Serving in the Household and the Imagination: The Brontës, Alcott, and the Interconnected Roles of a Neglected “Transatlantic” Female Figure
Keywords:transatlantic service, Victorian, Brontës, Alcott, domestic fiction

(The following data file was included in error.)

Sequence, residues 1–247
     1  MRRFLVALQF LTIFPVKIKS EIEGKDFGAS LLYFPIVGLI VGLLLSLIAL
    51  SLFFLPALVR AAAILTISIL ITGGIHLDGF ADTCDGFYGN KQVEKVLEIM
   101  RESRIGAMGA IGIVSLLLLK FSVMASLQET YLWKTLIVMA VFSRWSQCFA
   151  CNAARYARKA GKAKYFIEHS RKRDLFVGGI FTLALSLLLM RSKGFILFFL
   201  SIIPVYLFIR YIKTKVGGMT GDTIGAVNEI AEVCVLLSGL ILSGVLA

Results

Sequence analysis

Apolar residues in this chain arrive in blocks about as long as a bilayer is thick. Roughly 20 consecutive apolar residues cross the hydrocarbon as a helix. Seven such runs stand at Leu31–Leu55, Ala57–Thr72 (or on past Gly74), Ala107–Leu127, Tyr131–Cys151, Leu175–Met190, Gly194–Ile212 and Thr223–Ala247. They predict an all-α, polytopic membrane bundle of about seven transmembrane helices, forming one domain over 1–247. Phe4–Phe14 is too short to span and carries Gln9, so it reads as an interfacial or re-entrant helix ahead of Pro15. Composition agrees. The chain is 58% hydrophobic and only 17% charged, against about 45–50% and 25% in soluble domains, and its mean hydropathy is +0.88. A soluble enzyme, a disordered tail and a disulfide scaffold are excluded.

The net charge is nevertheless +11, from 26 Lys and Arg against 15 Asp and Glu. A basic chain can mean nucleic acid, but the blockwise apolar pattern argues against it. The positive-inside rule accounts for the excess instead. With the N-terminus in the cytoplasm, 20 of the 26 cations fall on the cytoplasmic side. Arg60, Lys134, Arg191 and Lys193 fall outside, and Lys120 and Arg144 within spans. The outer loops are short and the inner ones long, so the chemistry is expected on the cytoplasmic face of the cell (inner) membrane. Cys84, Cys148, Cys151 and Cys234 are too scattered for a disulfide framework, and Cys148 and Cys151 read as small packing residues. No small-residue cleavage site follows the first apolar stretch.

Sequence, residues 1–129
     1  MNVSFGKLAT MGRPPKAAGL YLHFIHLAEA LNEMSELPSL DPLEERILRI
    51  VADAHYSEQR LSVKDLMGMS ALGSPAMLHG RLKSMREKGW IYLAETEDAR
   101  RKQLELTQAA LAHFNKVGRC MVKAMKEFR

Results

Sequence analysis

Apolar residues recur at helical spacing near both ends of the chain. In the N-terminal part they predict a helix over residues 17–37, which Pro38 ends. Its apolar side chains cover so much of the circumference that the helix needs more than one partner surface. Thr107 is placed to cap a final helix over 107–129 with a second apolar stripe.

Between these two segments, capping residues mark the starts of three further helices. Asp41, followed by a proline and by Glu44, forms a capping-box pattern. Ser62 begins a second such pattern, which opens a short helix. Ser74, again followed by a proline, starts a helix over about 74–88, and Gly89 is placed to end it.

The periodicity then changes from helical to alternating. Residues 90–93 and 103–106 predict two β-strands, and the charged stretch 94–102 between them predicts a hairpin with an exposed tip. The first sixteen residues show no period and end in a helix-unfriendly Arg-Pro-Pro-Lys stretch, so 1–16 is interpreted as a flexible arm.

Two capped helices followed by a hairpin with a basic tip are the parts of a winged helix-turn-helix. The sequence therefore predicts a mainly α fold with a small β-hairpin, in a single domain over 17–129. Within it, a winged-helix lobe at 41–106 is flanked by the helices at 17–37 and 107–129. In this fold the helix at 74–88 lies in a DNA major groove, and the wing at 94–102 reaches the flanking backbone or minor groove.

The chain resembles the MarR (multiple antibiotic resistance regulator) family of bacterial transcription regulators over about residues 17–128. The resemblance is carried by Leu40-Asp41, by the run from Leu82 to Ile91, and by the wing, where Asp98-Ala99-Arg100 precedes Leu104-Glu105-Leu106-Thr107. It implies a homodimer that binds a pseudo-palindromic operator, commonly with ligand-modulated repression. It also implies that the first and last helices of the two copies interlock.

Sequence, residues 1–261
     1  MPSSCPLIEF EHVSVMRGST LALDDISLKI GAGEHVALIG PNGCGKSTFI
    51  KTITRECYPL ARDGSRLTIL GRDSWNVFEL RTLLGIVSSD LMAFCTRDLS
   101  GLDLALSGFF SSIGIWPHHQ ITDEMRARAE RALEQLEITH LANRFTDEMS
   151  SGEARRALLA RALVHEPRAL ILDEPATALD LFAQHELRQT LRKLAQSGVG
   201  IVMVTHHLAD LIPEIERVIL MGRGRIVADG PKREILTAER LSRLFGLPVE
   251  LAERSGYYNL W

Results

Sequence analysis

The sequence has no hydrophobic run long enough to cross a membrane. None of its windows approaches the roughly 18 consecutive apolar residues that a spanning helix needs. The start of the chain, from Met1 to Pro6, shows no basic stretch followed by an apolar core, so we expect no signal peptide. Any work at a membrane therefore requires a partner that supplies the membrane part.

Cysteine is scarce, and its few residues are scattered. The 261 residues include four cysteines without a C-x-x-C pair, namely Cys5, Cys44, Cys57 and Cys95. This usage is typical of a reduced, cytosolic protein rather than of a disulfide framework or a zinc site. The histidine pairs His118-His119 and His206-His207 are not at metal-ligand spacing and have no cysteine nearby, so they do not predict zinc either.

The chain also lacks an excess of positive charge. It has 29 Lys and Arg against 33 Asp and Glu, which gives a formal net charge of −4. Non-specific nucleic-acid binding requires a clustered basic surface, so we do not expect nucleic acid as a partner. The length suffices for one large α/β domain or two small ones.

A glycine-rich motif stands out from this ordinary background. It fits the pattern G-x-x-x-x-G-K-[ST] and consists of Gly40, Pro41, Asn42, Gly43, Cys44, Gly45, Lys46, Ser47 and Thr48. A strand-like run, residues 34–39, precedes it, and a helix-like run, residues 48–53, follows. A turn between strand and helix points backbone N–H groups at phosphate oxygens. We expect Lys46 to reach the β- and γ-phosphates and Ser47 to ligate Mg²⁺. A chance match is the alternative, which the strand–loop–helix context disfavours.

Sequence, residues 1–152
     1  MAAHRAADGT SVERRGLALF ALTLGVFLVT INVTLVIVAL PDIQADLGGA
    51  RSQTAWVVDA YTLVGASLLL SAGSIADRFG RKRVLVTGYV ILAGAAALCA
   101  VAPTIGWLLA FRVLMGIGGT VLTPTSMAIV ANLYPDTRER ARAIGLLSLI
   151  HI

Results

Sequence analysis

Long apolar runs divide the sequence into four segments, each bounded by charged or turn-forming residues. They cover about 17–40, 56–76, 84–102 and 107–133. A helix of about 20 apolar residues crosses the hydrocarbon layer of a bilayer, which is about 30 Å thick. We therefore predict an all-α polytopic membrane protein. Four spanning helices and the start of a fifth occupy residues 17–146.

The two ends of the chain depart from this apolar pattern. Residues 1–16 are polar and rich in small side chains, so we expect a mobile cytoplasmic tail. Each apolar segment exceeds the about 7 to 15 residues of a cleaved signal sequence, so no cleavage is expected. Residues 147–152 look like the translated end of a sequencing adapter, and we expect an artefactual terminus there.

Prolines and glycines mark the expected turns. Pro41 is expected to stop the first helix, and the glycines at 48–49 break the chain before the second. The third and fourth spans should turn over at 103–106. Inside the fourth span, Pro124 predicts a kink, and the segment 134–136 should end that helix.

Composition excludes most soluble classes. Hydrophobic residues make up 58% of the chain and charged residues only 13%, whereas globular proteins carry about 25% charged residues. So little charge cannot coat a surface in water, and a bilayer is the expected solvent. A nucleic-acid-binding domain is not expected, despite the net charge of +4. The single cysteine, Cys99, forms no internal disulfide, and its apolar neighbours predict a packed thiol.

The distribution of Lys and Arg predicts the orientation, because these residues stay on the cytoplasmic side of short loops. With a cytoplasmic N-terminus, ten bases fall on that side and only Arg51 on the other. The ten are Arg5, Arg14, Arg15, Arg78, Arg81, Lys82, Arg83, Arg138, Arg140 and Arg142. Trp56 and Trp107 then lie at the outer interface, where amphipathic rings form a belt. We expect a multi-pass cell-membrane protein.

Tabitha Aykroyd, Martha Brown, Nancy and Sarah Garrs were just a few of the very many girls and women working as domestic servants in early Victorian Britain. The main purpose of this article is to analyze the precise context and conditions in which they were employed in Haworth Parsonage, where the Brontë sisters lived for most of their lives (1820–1855), and the influence that they had on the well-being of this famous family and on the imagination and literary activity of the sisters. Aspects connected with the following will be explored and problematized: the value and respect that the Brontës attributed to or showed these domestic laborers and their work, including sharing in their tasks and duties; brief but useful connections of these figures with the sisters’ own professional activities as middle-class women (namely, when serving as teachers and governesses themselves); and also comparison with some relevant literary representations of the figure and role of the “female servant” in the Brontës’ novels. A complementary purpose is of a more transatlantic nature: to compare their earlier British domestic context with Louisa May Alcott’s later American one, and their literary representations of the female servant with Alcott’s own extensive treatment of that neglected figure in some of her fictional works. The justification for this comparison does not lie so much in the known influence that the works written by the Brontës, in particular Charlotte’s, had on Alcott, but more in their sharing of very similar concerns as regards this topic, in spite of very specific (transatlantic) differences that can be revealing of their respective attitude towards servitude.
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